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Wheelchair accessible cities

Universal access is something becoming increasingly sought after in all new development, and the design of new train stations in Melbourne in recent years has changed dramatically to be far more accessible than their older counterparts. For new stations to be designed for accessibility seems a no brainer, but what are the possibilities for retrofitting older stations? 

Cost is obviously a considerable factor, but so are heritage considerations, and the availability of land to construct new ramps in densely built up areas. Is the answer simply that these locations will never be fully accessible via public transport? Or can we do better?

Image source: City Metric

Since breaking his neck 9 years ago, Peter Apps has explored many of the world’s great cities via wheelchair and writes on the best and worst to get around by public transport, taxi and “foot” path. 

His experiences of public transport worldwide indicates that the world isn't particularly well designed for people in a wheelchair and a trip that able bodied people take for granted can be unusable for a person who is wheelchair bound. Interestingly, he indicated that Dubai has lifts at every station, unlike some of the world's busiest cities - New York, London, Paris - who have older metro systems.

So yes, we could do better and as the Melbourne Metro Rail Project is developed, we could potentially revisit older stations to ensure that the journey is easy and efficient for all users.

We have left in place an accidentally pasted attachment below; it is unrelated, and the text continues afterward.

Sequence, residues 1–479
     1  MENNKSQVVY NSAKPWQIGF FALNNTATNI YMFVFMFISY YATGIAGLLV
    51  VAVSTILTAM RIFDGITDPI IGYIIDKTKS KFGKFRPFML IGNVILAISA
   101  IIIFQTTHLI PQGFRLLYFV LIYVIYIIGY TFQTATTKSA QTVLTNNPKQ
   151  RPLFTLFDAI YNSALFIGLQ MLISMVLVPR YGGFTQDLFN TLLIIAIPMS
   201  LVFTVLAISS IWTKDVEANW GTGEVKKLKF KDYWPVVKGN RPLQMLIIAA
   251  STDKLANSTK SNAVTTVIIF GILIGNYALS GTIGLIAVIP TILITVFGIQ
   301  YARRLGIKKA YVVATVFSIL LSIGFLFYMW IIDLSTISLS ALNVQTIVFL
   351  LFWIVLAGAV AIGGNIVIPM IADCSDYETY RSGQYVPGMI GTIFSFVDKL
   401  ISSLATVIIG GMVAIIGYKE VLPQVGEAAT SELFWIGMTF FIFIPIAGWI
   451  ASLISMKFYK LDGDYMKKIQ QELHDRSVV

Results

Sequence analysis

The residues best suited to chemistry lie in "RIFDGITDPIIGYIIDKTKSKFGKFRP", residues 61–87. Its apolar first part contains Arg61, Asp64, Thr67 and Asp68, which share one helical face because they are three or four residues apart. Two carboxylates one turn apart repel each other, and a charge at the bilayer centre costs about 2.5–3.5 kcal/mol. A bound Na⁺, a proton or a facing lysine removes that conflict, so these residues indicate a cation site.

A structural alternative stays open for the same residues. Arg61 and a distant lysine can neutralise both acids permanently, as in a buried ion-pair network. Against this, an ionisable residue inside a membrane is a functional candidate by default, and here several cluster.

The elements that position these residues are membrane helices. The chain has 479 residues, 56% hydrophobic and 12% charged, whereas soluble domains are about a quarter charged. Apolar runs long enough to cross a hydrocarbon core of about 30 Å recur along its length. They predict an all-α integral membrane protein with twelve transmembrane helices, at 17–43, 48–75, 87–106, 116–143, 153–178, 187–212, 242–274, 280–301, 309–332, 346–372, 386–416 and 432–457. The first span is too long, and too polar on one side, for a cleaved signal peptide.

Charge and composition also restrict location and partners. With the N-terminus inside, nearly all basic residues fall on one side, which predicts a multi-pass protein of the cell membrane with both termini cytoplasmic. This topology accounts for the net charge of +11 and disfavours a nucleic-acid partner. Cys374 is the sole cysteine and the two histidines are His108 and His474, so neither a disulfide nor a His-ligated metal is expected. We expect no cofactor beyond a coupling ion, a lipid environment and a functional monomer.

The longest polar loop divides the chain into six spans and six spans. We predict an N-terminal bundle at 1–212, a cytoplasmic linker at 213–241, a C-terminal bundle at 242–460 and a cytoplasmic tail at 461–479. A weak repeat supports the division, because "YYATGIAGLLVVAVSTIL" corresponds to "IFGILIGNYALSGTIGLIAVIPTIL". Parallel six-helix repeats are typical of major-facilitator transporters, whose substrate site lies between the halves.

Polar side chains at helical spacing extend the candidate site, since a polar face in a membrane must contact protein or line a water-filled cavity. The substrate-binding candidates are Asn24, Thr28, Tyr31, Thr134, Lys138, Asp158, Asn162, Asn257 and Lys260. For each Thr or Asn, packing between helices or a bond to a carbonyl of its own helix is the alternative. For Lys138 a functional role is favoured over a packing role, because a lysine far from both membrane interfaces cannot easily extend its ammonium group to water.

Read more about accessibility here.

What have they done

By Sean Hua

What's next for VW? EPA/Sebastian Kahnert
Volkswagens are one of the best-selling vehicles to date with over 30 million sold up to June 2013. They conjure an image of quality, style and had a strong reputation; while they’re not quite as posh as a Mercedes, they are considered better than a Ford or Holden (by default) due to their European heritage. VWs have long been seen as fuel-efficient too, so much so they were listed on the Dow Jones Sustainability index. Diesel goes one better than normal, requiring fewer litres per 100km than petrol.

Yes, it is more efficient, translating to fewer dollars required at the pump. I assume this is one of the key deciding factors for buyers. But despite the “ultra-low-sulphur” tag that many new diesel engines have, other pollutants like Nitric oxide and Nitrogen dioxide are still emitted.

Instead of trying to rein these outputs in, VW instead conducted a campaign of wilful dishonesty. The engineers programmed their cars to detect when they were undergoing emissions testing, and produce false outputs at the exhaust. Real world driving produced 30-40 times the emissions of pollutants than test conditions. Now, I’m not an engineer… but if they could rig the engine to produce fewer pollutants at a given time, why not just do it all the time? Or alternatively, if they could spend the time and effort to write such a program, why not dedicate it to actually producing a clean-running engine? It’s a senseless “solution” to a problem they didn’t need to have.

While people will speak about the breach of trust to customers, the cost of the recall, the collapsing share prices etc. the important numbers are the health costs that have resulted. Noelle Sellin of The Conversation estimates a figure upwards of US$100 million in the US alone. In Aussie digits, that’s $141,158,993.41, or approximately 3,900 brand new VW Golfs. When you consider that figure only comes from about half a million US-based vehicles, and that affected cars in Europe number almost 10 million… The costs are staggering.